Khoa, a partially dehydrated milk product indigenous to India, was prepared from buffalo milk by boiling it vigorously in an open pan and reducing its volume to approximately 25% within 30 min. The hot semi-solid product (Khoa pat) was held at 20•c for 3 h (fresh, cooled Khoa) or 48 h (swred Khoa); the products were either worked with a pestle in a mortar for 5 min or were left without working.
Structural features of Khoa were studied by light microscopy and electron microscopy. Freshly prepared coo led Khoa had a granular structure consisting of protein granules several hundred micrometers in diameter. The granules consisted of intact and partly fused casein micelles and nonmicellar protein . The fresh product was only slightly sandy in the mouth. Large aggregates of lactose crystals developed in the intergranular spaces in unworked Khoa during swrage and sandiness in the stored product was markedly increased. Working reduced the dimensions of the protein granules and the intergranular void spaces and produced large amounts of fat globule membrane fragments. Individual lactose crystals in worked Khoa stored at 20°C for 48 h were more uniformly distributed than in unworked Khoa. Storage did not increase sandiness in the worked product; sensory analysis rated this product to be markedly smoother than unworked stored Khoa.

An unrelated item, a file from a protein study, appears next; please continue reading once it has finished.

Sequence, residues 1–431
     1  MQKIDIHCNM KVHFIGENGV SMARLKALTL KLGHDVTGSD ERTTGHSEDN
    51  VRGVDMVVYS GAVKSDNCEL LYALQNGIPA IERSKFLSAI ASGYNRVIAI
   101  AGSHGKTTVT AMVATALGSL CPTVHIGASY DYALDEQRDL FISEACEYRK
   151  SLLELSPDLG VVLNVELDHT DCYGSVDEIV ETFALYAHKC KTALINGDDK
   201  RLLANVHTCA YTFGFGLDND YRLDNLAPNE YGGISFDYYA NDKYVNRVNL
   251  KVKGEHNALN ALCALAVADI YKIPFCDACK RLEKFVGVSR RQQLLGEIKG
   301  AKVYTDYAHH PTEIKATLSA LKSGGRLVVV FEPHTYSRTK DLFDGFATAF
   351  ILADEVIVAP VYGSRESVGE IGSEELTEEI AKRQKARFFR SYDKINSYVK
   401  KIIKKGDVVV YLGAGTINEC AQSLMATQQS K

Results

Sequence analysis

Instrumental measurements showed that working significantly decreased hardness and springiness and increased adhesiveness and, to a smaller extent, cohesiveness.
Patil, G. R.; Patel, A. A.; Allan-Wojtas, Paula; and Kalab, Miloslav
"Microstructure and Texture of Khoa,"
2, Article 7.
Available at: http://digitalcommons.usu.edu/foodmicrostructure/vol11/iss2/7